The photo diary that I posted slightly more than a week ago featured plenty of pictures taken on bright sunny days (link, in case you missed it...Idaho Photo Diary #1).  When you are in the mountains in October, you cannot expect the sun to shine forever.  Indeed, the past few days have brought a taste of what's ahead.  Cold rain put an end to the long string of dry weather.  When the sun shines, its low angle in the sky does not bring the heat that it did just two weeks ago.  And the seven-day forecast has lots of snowflake symbols.

Bare aspens, western larch in fall colors, and green conifers.
Bare aspens, larch in fall colors, and green conifers
Same place, a day later.  As I arrived in the woods this morning, the first snowflakes began to fall.
First snowflakes of the season!
My forestry work here is coming to an end, just in time!  In fact, several things have fallen into place at just the right time.  The rain began one day after I finished the steep ground next to the North Fork of the Payette River.  Considering the long access on dirt roads that are steep in places, and also considering that my truck is two-wheel drive, the timing was perfect.  The next block of woods required some long drives over better roads, and I finished that area just ahead of another wave of rain.  Now I'm down to my final day of field work, and it's in the valley at the edge of town.  Is it luck?  Some luck was involved, I admit, but good planning was also involved.  I never save the worst ground for last.

I will start with some pictures of the McCall, Idaho area.  It's a nice resort town, one that has been drawing tourists for many decades.  This is a great time to visit, because the summer visitors are gone, and the winter crowds have not arrived.  McCall is on the south shore of Payette Lake.

October scene, Payette Lake
Shore Lodge, Lake Payette
Shore Lodge, located where Payette River drains from Payette Lake, is very inviting on a chilly fall day.  Being on a forester's budget, I opted for less expensive lodging.

Below: Shore Lodge after the first snowfall.

Shore Lodge in October snow
Gloomy day on Lake Payette
Foresters Club
Above: This picture captured the mood of a gloomy day.  I really did not want to go to the woods and get wet.

Left: Any town that has a Foresters Club gets high marks from me!

Now, let's leave the comforts of town, and head for the Deep Dark Woods.  It's below freezing most mornings now.  The mud puddles have a layer of ice, and the morning sun turns frosted plants into a glowing light show.

Frozen puddle
I told you it was cold!
Frosty morning
Frosty morning at the edge of the woods
A western larch in fall colors stands in contrast with other conifers.
Jet contrail framed by ponderosa pines.
Left: a jet contrail has begun forming cirrus clouds.  I had to work a bit to get the ponderosa pines to frame the contrail.  Right: Western larch (also called tamarack) turns bright yellow before shedding its needles.  Larch is one of the few deciduous conifers in the US.
Pine cones shredded by squirrels, on stump.
A squirrel's dining room
Weathered log in Idaho.
Weathered log, Idaho.
All that remains of a log after decades of weathering.
In the drier parts of the West, fallen logs can remain on the ground for decades.  As they weather, interesting patterns develop.  Eventually, nothing remains but tiny bits of rotted wood.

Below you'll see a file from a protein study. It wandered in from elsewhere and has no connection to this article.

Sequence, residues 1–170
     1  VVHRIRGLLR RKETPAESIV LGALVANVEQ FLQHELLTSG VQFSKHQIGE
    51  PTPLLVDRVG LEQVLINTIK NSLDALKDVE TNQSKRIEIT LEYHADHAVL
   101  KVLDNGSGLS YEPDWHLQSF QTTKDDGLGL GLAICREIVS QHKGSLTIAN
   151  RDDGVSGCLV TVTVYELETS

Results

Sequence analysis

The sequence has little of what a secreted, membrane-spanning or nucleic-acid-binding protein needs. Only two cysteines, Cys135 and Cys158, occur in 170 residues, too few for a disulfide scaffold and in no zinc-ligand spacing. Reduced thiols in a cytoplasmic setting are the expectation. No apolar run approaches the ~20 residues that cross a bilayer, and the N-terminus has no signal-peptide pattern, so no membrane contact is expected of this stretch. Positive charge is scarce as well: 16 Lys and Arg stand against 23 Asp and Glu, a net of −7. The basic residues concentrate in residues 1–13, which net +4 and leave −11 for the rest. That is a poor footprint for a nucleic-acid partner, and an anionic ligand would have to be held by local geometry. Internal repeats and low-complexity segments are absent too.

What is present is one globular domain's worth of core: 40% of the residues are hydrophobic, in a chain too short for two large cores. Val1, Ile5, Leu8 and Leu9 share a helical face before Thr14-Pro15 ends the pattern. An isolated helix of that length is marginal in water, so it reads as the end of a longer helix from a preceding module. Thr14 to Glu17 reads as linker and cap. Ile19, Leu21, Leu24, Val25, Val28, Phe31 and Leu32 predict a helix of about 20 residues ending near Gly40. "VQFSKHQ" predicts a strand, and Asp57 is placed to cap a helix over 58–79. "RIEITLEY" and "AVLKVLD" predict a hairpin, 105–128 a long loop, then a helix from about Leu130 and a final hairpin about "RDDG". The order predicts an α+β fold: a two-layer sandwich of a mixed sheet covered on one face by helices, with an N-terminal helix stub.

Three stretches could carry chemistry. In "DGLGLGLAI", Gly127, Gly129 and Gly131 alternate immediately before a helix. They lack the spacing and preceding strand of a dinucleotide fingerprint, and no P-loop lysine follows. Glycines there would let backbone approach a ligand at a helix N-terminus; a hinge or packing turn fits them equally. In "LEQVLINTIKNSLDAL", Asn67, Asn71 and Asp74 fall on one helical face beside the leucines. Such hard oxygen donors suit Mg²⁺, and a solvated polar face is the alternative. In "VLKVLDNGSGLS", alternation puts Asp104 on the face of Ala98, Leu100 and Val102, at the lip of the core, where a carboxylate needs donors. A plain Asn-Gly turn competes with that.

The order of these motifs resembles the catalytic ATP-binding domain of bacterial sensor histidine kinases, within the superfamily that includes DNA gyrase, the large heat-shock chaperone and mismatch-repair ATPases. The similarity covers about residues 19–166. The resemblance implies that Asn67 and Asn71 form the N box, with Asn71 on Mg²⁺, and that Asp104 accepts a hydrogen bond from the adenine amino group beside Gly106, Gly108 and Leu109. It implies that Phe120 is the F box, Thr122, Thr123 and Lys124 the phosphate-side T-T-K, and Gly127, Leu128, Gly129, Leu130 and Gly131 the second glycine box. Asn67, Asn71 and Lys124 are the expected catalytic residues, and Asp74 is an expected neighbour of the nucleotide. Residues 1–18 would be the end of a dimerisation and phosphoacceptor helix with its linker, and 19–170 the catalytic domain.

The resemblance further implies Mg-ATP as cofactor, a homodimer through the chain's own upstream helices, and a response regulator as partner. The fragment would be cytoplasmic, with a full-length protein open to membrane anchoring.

Thinned forest in Idaho
This forest was thinned about 15 years ago
Most of the time I am in working forests, not pristine wilderness.  The above scene shows an area that has been commercially thinned.  The strongest, healthiest dominant trees were given room to grow.  Seedlings sprouted on the forest floor, giving rise to the next generation.  Natural succession is on display, too.  The older forest consists mainly of Douglas-fir and ponderosa pine, with some grand fir and western larch thrown in for good measure.  The seedlings are predominantly grand fir, which thrive in shade, patiently waiting for their day in the sun.
Barns and cattle, far from the feedlot
Farm near New Meadows, far from the feedlots
Looking northeast towards the town of New Meadows, ID
View from the hills, towards New Meadows
As the sunny days gave way to stormy ones, I found myself including more of the sky in my photos.  Here are some examples:
Payette Lake
Another stormy day on Payette Lake
Low clouds after overnight rain
Land, clouds, land, and more clouds
Sunlight bursts through low morning clouds
Sunlight bursts through low morning clouds
I couldn't decide whether I liked the full image (above) or the edited one (below), so I included both of them here.
Sunlight bursts through low morning clouds (edit)
Edited version of previous image
Rain squall approaches forested hills
Another squall is on the way
I took the above picture as I was leaving the woods on the first day that I saw frozen precipitation.  The skies alternated between sun and clouds.  One serious-looking cloud appeared when I happened to be a short distance from my truck.  I took refuge in the cab just as a mixture of big raindrops and ice pellets began to fall.  Fifteen minutes later, the sun was out again.  Strange weather?  Not for the Idaho mountains in October.  You have to be prepared for whatever Mother Nature throws at you.
Storm clouds gather over Idaho mountains
Storm clouds gather over the mountains
Choose your weather - sun, rain, or snow!
Choose your weather - sun, rain, or snow!
I've enjoyed sharing my slice of the Deep Dark Woods with you.  As always, your comments are welcomed.  If you have any stories or pics to share, bring 'em on!

Originally posted to Backyard Science on Mon Oct 22, 2012 at 05:16 AM PDT.

Also republished by J Town and Community Spotlight.

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